slow blogging

July 22, 2008

I’ve been following Robert Scoble for almost two years now, since way back when he was the number one blogger on WordPress day after day after day. When he still posted at 10 posts or so a day, I didn’t read everything. When he started doing videos, I didn’t watch them, but I continued reading his posts. Today he wrote a post which I think all bloggers need to read

As I said the other day, I’m working my way through the TED talks. Although all of them are good, I’m not always interested in all of them. I found another one really worth watching. Carl Honoré did this one in 2005, at that stage he was 37 years old. He talks about slowness, about doing things at a slower pace, not a snails pace, but simply at the right pace. The first time I was confronted with the idea of intentional slowness was when Piet Meiring told me about the book Water Buffalo Theology, it was a number of years ago, but I still remember the frase “God moves at the speed of a Water Buffalo, which is about 4 mph”. Since then I’ve wanted to read it… but you’ve guessed it, haven’t had time.

When I started blogging I remember reading that what motivates bloggers is comments and links. I guess this is true, it’s true of me. But Scoble forces some introspection as to how far we will go to get this. Can the drive for comments, links, and then also hits, become so great that we forget why we started blogging? To produce something worthwhile, not to produce something popular. Maybe we need some slow blogging, not the drive to be the first to post on something, not the drive to be another voice in the endless frontal lobb chatter of Web 2.0 on the same thing which everyone is saying (then why am I posting this today with Scoble? or is there a balance we need to find?), but to blog our passions!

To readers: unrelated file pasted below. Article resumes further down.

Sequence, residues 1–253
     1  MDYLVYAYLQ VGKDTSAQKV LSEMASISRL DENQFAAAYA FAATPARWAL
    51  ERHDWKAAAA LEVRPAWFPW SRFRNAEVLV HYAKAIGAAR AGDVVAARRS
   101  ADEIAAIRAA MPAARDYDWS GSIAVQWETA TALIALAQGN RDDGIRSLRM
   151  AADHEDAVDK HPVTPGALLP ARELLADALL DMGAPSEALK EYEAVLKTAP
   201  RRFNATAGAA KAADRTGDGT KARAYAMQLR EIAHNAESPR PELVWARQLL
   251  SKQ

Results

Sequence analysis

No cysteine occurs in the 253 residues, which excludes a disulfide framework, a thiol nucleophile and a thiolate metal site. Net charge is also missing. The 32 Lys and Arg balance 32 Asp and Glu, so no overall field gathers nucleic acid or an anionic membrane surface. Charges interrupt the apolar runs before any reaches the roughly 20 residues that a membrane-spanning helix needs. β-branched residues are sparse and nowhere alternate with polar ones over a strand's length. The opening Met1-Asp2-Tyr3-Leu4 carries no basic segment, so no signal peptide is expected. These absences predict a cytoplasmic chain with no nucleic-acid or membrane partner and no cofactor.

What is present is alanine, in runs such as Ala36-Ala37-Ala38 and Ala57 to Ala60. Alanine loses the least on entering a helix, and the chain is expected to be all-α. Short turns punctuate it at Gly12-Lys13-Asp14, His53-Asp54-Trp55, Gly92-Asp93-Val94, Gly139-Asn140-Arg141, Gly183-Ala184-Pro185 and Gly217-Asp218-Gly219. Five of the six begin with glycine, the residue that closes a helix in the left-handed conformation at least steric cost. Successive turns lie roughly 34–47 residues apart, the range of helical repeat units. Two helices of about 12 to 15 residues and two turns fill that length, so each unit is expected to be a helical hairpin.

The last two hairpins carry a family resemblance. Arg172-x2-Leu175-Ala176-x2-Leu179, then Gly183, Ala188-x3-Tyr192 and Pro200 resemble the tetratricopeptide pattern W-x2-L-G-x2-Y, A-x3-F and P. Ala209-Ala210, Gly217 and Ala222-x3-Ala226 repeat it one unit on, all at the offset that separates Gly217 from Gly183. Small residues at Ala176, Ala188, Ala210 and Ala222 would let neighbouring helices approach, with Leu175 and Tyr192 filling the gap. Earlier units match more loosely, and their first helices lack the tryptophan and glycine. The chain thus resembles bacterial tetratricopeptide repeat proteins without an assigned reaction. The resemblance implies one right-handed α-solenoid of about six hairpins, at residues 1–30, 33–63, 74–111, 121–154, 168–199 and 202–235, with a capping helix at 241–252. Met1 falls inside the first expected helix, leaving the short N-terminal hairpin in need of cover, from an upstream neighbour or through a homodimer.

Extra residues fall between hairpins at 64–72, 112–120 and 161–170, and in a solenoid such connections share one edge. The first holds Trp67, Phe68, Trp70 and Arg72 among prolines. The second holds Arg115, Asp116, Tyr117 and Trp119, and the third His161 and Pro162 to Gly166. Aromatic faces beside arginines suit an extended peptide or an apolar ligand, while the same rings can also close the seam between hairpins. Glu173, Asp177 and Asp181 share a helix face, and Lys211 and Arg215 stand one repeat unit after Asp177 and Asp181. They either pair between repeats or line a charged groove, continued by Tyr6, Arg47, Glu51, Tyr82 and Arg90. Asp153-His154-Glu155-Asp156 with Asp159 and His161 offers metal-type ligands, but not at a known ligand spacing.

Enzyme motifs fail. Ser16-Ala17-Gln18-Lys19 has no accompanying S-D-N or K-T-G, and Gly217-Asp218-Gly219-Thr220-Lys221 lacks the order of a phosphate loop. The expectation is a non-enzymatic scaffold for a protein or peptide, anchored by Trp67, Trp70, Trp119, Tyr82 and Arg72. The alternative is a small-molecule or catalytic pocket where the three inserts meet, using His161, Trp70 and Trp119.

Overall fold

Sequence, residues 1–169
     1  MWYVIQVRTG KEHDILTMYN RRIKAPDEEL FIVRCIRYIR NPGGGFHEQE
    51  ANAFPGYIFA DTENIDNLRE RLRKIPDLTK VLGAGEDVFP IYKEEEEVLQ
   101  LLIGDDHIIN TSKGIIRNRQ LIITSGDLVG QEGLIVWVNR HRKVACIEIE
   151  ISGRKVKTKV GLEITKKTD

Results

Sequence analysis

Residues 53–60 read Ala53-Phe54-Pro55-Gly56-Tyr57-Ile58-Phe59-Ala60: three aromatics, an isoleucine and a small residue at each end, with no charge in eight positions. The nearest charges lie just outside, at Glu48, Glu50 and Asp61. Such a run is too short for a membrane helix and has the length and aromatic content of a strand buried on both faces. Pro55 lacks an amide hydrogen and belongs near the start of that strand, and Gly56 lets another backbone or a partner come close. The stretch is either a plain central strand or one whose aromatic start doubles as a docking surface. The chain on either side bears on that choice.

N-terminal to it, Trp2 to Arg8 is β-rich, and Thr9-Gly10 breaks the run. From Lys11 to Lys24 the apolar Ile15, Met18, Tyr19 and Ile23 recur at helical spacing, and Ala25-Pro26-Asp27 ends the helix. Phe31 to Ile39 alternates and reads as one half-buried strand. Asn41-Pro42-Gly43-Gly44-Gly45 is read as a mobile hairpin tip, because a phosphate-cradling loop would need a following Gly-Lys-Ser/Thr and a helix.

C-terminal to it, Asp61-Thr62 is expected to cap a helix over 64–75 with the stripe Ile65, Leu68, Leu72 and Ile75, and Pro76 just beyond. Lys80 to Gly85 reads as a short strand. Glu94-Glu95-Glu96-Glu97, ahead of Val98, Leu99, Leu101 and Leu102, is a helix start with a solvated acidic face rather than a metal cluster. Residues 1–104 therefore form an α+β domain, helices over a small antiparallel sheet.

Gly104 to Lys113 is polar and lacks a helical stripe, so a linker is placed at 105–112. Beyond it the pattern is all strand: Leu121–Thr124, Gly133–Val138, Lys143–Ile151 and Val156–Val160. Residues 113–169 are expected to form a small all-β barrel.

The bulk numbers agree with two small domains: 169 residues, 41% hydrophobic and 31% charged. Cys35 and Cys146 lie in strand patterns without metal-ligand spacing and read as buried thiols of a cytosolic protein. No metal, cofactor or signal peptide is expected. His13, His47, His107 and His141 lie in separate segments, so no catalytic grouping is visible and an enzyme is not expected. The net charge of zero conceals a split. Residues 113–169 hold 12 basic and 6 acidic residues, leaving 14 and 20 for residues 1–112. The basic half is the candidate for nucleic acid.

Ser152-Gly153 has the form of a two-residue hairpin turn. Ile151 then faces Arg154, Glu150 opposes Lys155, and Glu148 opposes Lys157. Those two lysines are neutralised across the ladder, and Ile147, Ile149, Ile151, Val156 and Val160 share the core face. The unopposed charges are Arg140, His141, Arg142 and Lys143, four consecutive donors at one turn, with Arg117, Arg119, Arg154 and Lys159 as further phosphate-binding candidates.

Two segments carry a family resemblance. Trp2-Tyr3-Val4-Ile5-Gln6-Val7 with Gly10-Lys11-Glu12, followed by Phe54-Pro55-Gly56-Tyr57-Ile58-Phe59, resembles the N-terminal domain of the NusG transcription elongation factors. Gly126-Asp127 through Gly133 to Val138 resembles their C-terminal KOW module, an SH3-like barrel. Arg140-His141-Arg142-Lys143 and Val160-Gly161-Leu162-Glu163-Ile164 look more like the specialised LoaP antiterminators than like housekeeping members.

At a retreat we had a while ago we did a crash course (another bit of hipocrasy within this post I know) on intense form of journaling, the name of which I cannot remember. I remember then thinking what so many others before me have said: that blogging, for me, is a spiritual excercise… this mean blogging at the right speed, not at a snails pace, but not always blogging as if I’m chasing something, whether it’s comments, links, or another blog…

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